The NC Department of Transportation recently released a plan for the state’s transportation needs looking forward to 2040. The plan “focuses on the policies and programs needed to enhance safety, improve mobility, and reduce congestion for all transportation modes.” Transportation is moving ‘something’ from one place to another. And in much of the plan the “something” that is being transported is people. So the plan talks about personal mobility, how people travel from one place to another. But it almost entirely ignores the needs of one group, people with disabilities.
A brief trip down I-85 or I-40 is all it takes to understand that for the majority of North Carolinians, personal mobility means driving their own car. Owning a car or having access to one and being able to drive it allows the driver the opportunity to go out the front door, get in the car, and go to work or school or church without needing to call ahead and then wait for a ride.
The ability to move from one place to another creates a measure of independence when it is accessible and affordable.
But not every adult has access to a car. Some lack access because they cannot afford it. Others cannot drive because of a disability. Many people with disabilities rely on public transit to be connected with their communities: to see a doctor, shop for groceries, attend a cultural event, or visit a friend. For the 1.9 million people with disabilities living in North Carolina, transportation is often named as one of the most common barriers to community involvement, limiting access to healthcare, employment, social activities, civic participation and voting.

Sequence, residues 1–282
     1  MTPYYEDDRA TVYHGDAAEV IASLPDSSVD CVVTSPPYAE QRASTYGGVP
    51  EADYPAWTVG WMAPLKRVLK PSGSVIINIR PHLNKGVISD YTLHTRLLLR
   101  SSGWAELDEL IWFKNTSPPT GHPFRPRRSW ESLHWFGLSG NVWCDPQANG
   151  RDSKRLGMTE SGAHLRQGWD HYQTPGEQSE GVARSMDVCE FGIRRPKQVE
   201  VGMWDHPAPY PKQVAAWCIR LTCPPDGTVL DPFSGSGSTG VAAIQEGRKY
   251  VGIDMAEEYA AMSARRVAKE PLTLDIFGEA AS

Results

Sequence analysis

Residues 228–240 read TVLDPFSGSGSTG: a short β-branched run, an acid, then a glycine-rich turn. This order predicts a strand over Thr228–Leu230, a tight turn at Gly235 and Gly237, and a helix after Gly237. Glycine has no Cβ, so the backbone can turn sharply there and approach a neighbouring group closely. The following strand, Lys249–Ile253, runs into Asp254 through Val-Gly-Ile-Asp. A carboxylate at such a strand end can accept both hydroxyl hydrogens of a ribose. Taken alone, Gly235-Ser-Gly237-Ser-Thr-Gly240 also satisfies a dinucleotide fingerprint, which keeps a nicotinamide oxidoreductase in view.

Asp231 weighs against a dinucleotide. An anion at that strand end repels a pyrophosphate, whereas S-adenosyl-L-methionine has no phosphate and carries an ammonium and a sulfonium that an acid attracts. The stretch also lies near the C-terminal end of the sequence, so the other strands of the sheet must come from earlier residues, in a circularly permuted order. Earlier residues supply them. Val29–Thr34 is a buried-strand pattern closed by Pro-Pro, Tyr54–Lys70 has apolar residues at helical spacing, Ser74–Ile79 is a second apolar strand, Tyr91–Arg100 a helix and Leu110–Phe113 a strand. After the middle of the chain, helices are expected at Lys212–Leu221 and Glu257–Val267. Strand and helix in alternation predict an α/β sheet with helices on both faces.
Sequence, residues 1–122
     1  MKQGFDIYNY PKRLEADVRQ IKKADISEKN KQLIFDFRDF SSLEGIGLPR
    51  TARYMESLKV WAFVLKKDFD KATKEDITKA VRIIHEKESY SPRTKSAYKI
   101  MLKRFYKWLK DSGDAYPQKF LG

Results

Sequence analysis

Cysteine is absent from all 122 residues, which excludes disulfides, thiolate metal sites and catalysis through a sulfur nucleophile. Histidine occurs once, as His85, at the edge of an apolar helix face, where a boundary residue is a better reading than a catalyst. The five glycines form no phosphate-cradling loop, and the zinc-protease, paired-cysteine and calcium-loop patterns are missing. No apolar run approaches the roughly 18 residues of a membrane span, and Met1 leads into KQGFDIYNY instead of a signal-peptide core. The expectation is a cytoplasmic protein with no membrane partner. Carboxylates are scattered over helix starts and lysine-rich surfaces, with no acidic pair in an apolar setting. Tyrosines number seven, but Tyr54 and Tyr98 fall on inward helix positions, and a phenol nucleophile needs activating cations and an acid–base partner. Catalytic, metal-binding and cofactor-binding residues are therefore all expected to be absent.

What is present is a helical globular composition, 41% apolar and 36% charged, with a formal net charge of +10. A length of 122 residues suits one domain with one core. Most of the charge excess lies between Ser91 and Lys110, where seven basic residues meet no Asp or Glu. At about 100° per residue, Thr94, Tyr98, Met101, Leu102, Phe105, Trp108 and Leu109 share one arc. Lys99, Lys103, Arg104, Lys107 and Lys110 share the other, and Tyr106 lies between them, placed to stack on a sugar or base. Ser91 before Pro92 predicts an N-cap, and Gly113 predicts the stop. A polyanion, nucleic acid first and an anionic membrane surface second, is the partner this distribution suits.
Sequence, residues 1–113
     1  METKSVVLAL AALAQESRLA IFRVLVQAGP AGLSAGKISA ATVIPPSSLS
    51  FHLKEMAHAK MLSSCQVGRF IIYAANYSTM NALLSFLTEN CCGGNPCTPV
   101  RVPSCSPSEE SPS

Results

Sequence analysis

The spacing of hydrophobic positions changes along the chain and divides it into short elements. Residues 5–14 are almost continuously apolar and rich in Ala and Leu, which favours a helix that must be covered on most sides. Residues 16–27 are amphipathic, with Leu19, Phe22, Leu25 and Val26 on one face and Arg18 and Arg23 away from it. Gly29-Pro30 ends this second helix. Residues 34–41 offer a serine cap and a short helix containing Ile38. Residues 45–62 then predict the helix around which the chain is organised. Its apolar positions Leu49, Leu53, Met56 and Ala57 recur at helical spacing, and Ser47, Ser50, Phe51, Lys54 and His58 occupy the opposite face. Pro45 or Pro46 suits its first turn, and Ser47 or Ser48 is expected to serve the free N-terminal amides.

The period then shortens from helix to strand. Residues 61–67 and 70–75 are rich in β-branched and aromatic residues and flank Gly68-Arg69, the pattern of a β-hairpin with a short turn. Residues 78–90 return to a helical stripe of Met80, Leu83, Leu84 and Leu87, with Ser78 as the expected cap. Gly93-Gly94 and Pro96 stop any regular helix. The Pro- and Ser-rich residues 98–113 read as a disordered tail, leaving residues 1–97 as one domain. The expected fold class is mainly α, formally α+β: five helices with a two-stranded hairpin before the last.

Accessible transportation is, indeed essential to living a fully integrated life.
Sadly and surprisingly, the DOT plan fails to address the needs of people with disabilities. While the plan acknowledges “the disabled” as a stakeholder group, the very failure to use people-first language (i.e. the term “people with disabilities”) highlights their lack of involvement in planning an accessible transportation system.
Developing public transportation that is accessible to people with disabilities would ensure that all people could use it. A planning process that is truly responsive to the needs of the 1.9 million North Carolinians with disabilities would require the engagement of a broad range of disability groups including people with physical, sensory, mental, developmental and/or intellectual disabilities.
Considering the needs of people with disabilities in transportation planning is not a new idea. The U.S. Department of Transportation and U.S. Department of Justice have each issued regulations and developed guidelines and standards to achieve equality for people with disabilities through accessible design.
The U.S. Access Board is an independent federal agency that provides technical assistance and training on these requirements and on accessible design. There is no question that these regulations apply to the new construction and alterations of transportation facilities and systems. We even have homegrown resources. The Center for Universal Design at North Carolina State University promotes the idea that buildings, products and environments should be planned from the start that are inherently accessible to older people, people without disabilities and people with disabilities. Universal Design uses the following principles: equitable use; flexibility in use; simple and intuitive; perceptible information; tolerance for error; low physical effort; and size and space for approach and use. These principles can be applied to our airports, buses, and other transportation features as much as to homes and offices.
Simply put, the North Carolina DOT should take a step back and revisit its planning and place the needs of North Carolinians with disabilities front and center — both because it is essential to the wellbeing of people with disabilities and because transportation that meets those needs will also better serve the rest of the state.
Vicki Smith is the Executive Director of Disability Rights NC.